All things being equal, I find it easier to work with someone I like of course.
Inability to connect does not mean lack of interest. Usually you can tell the level of interest just by talking to them for thirty minutes.

It's a general feeling you get

Is English your first language?
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  #26  
Old 06-19-2012, 10:59 PM
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Originally Posted by SamCook View Post
Inability to connect does not mean lack of interest. Usually you can tell the level of interest just by talking to them for thirty minutes.

It's a general feeling you get

Is English your first language?
Nope. Thank you for thinking it might be I guess :P
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  #27  
Old 06-19-2012, 11:04 PM
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@Samcook, I thought inability to connect translates to lack of interest, based on your response to NerdAlert.
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  #28  
Old 06-20-2012, 05:06 AM
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GargoyleWaiting GargoyleWaiting is offline
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Originally Posted by water View Post
I can tell that they can always see right through me whenever they ask me about extracurricular activities in college. Always at that point, everything comes apart.
they can "see right through you"?

Are you making stuff up to sound like a good candidate? If so, don't do that, find something true to tell them.
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  #29  
Old 06-20-2012, 05:29 AM
jas66Kent jas66Kent is offline
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Originally Posted by NerdAlert View Post
Extracurriculars help me out when I'm interviewing a candidate only because it gives me something to ask them about. I've interviewed a lot of candidates where the conversation goes something like,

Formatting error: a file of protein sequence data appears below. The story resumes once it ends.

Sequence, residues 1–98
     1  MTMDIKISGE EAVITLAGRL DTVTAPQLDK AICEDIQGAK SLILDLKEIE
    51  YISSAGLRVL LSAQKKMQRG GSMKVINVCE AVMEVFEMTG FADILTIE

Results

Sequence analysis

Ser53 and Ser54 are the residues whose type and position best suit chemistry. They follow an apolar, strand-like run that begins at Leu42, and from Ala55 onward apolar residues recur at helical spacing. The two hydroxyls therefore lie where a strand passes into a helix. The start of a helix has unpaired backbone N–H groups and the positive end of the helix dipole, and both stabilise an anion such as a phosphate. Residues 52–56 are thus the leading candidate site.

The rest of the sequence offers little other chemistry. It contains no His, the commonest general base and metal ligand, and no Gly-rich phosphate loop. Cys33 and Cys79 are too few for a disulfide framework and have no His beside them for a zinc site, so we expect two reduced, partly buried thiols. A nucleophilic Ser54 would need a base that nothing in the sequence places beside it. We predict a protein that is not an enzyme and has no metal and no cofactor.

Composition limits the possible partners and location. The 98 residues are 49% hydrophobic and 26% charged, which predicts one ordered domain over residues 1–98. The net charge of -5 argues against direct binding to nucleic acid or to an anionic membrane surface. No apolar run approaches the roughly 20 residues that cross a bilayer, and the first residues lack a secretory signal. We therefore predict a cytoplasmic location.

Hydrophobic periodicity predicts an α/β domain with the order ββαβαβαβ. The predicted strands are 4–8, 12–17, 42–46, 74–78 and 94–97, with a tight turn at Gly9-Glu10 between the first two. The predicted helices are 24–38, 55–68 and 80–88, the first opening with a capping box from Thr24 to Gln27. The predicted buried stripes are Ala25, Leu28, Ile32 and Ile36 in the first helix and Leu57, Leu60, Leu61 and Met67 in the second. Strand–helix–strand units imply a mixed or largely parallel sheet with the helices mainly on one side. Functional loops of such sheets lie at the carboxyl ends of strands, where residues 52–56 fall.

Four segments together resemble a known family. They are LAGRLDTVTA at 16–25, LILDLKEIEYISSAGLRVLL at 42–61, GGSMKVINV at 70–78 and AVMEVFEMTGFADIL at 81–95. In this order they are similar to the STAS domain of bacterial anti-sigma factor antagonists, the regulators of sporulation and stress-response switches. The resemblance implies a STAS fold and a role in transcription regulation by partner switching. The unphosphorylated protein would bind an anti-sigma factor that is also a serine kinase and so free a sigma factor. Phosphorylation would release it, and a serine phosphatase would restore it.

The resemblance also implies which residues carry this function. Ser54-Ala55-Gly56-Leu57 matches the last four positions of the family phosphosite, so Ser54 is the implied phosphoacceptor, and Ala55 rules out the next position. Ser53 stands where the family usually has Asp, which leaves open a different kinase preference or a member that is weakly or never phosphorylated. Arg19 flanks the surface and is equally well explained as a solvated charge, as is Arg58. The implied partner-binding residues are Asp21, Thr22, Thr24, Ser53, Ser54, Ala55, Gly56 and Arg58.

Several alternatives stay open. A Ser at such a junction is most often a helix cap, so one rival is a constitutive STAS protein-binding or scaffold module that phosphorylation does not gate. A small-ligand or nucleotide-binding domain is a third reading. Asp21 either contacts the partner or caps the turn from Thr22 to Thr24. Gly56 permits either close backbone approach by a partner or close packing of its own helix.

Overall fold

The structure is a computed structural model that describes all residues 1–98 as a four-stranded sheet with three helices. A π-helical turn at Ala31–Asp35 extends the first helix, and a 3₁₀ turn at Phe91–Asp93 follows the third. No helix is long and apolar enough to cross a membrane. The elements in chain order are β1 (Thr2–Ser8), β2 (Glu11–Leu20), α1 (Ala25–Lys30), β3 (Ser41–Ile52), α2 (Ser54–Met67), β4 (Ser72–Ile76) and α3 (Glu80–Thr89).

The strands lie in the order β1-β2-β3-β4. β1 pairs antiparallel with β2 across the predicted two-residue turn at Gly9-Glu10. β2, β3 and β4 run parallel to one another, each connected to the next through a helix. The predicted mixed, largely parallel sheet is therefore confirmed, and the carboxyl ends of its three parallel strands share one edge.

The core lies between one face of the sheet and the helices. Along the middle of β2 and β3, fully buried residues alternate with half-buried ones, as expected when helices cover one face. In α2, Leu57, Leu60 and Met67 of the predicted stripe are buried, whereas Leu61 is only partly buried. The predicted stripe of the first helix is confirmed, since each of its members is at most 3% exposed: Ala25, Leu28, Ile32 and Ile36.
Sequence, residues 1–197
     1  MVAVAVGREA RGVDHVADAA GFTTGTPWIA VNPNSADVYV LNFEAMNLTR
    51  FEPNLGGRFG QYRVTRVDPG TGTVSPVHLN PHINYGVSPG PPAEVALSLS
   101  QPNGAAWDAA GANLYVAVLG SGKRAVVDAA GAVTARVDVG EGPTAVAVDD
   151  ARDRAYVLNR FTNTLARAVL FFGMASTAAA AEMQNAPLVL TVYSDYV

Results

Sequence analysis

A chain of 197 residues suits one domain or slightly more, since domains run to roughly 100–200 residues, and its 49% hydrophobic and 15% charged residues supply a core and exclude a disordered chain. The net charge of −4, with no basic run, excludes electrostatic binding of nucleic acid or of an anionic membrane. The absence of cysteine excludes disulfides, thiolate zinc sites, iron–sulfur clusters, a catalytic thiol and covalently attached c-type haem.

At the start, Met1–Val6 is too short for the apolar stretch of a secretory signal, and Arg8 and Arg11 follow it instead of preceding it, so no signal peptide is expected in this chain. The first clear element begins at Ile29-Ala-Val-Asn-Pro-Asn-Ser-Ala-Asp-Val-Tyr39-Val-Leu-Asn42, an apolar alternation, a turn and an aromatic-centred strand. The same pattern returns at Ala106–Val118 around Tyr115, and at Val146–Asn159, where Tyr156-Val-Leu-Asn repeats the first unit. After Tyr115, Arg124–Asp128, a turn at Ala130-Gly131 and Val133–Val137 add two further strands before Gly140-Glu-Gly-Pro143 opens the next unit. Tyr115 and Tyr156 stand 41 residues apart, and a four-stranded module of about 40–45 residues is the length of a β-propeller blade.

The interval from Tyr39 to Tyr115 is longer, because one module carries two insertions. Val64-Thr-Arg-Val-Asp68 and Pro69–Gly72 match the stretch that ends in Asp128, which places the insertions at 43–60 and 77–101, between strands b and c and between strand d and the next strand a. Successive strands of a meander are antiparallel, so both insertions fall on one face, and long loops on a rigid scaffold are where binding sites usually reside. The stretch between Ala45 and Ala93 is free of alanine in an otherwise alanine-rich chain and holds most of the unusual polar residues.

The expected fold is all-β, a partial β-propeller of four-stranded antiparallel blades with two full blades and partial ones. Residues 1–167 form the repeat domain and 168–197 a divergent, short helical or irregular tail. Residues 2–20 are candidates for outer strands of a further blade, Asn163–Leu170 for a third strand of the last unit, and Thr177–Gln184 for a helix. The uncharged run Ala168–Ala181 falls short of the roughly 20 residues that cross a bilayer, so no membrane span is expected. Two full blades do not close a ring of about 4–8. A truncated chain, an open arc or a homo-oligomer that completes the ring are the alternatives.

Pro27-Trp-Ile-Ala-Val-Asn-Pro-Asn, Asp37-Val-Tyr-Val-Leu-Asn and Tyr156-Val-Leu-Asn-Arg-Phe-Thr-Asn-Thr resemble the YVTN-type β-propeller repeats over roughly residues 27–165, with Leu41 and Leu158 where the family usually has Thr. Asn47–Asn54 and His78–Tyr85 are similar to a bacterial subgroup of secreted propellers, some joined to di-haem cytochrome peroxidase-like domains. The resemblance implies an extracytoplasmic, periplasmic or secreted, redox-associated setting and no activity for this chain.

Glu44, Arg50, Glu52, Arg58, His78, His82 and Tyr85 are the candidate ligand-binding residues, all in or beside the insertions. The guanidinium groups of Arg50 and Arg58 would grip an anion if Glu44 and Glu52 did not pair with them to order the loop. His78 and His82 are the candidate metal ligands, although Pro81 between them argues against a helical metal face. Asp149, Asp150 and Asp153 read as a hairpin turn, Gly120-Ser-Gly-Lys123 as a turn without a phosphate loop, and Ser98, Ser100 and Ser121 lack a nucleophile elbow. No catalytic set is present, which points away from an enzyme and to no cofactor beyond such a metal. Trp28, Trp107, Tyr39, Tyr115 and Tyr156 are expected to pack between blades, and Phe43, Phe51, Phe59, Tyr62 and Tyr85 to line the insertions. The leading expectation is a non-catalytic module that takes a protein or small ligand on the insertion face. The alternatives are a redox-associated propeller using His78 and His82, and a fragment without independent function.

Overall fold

"I see you're interested in X. I also like X/I don't know much about X/I've heard Y about X, can you elaborate on..."

"Yeah, I like X. I've been doing it for blah blah blah."

And that's it. After two or three of these, I'm forced to resort to the uncomfortable, scripted interview questions and in my mind, this person isn't interesting enough for me to want to sit in a room with them for half an hour, let alone work with them for the next several years. The interview is over as far as I'm concerned.

Having extracurriculars is nice, but having a likeable personality is better. I'll always back up the candidate I enjoyed talking with the most. At the interview stage, the candidate is already good enough on paper. Be memorable in a good way, come prepared with thoughtful questions, do research on the company and type of work, and carry on a normal conversation. And if a normal conversation doesn't come easily to you, practice.
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  #30  
Old 06-20-2012, 05:29 AM
jas66Kent jas66Kent is offline
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Originally Posted by joni308 View Post
lol